Wednesday, October 10, 2018

Review - Violet and Victor Write the Most Fabulous Fairy Tale

Violet and Victor Write the Most Fabulous Fairy Tale
by Alice Kuipers
illustrated by Bethanie Deeney Murguia
Date: 2016
Publisher: Little, Brown Books for Young Readers
Reading level: C
Book type: picture book
Pages: 40
Format: e-book
Source: library

Violet and Victor work together to write a truly enchanted tale!

Violet is determined to write the most fabulous fairy tale that has ever been imagined! Her twin, Victor, is not in the mood for make-believe.

"I was born in a castle!" Violet says.
"You were born in a hospital," Victor replies.

But when an evil witch arrives in Violet's story, will Victor help write an ending that saves the day? Join the twins on an adventure through Fairy Tale Kingdom as they celebrate the joy of storytelling and reading!

(synopsis from Goodreads)

This is a really weird book for me, because I loved the illustrations, but absolutely hated the story. Actually, the story itself wasn't bad; it was the characters that really ruined it for me.

Victor is a pedantic little twit who keeps trying to ruin Violet's fairy tale. She ends up salvaging it only by stroking his fragile male ego (making him a prince in the story and letting him have his way). I was pretty appalled, actually; this is a children's book that seems to teach that girls should defer to the wishes of the males in their lives. What makes it even worse is that Violet's the older twin; so, basically, she's teaching her little brother that he can be a brat and get away with it because women will always let him win.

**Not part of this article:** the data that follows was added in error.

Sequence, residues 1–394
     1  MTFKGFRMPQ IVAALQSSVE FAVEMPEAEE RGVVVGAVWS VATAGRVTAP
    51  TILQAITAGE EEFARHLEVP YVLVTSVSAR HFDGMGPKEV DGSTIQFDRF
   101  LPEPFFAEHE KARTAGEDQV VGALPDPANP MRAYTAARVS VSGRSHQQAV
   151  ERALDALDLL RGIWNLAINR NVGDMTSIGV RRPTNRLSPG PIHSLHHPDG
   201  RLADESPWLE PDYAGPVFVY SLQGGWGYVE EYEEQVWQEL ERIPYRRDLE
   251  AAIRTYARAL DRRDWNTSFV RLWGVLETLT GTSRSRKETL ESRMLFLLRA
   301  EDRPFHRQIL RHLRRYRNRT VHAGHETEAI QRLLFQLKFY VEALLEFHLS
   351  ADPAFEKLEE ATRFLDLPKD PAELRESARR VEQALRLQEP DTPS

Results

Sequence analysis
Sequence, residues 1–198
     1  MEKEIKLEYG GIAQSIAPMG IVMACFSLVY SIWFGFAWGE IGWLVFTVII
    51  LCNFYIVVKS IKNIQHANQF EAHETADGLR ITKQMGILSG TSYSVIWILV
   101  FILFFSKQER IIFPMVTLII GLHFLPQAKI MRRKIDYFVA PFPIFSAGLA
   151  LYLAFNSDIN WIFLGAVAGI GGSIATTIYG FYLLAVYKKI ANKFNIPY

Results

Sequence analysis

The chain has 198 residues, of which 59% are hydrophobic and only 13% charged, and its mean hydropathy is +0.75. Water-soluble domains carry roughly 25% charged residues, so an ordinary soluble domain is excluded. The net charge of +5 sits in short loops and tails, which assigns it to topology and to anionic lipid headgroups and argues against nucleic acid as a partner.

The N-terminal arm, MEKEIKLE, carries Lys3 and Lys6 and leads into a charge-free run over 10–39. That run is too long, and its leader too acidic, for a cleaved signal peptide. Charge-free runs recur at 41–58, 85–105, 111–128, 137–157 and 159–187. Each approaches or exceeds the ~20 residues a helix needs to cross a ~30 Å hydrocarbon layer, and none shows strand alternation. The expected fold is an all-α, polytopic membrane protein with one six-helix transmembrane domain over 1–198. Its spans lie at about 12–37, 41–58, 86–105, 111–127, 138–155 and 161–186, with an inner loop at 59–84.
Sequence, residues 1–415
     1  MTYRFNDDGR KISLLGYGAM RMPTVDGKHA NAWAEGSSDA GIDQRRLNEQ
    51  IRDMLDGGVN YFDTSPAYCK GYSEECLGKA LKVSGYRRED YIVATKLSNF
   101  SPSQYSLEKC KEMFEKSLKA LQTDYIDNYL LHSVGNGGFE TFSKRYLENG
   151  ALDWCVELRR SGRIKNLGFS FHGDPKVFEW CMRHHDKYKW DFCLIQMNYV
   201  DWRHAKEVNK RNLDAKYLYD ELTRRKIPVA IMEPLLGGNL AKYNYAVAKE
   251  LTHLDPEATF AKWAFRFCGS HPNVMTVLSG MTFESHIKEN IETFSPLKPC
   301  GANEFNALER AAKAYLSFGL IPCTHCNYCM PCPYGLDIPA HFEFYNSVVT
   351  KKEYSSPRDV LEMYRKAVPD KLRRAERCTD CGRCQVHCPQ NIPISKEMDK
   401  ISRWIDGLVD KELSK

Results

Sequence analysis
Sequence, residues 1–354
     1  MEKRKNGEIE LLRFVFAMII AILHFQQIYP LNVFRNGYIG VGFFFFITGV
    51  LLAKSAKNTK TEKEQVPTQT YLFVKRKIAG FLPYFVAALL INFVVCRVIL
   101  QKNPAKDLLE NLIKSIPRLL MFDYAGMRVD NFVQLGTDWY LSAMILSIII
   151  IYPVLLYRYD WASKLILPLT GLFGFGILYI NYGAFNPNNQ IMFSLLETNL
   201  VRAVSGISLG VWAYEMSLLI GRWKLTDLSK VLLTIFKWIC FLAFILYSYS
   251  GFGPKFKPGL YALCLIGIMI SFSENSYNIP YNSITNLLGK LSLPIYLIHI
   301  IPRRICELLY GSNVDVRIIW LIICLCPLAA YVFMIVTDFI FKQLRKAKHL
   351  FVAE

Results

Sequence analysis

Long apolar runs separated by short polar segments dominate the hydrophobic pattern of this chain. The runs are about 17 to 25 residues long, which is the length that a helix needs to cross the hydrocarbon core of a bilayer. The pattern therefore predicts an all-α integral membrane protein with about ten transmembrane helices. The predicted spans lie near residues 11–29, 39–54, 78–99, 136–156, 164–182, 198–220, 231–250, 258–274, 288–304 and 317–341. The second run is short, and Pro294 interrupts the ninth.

No thanks. The story is definitely not for me. But the illustrations... See, this is where I'm conflicted. They are so colourful, creative, and interesting that I just wanted to keep looking at the pages. The illustrator used a variety of techniques, and the note at the end explains how she was inspired by European as well as Australian Aboriginal artwork to come up with the pictures for the book. I've never seen anything quite like it, and I loved the overall look of the book.

So it was really a mixed bag for me. As it was, it just seemed like a great example of male fragility and how our society teaches girls to coddle it... which is not a message I want to see in children's books.

Premise: 1/5
Meter: n/a
Writing: 3/5
Illustrations: 5/5
Originality: 3/5

Enjoyment: 2/5

Overall: 2.67 out of 5

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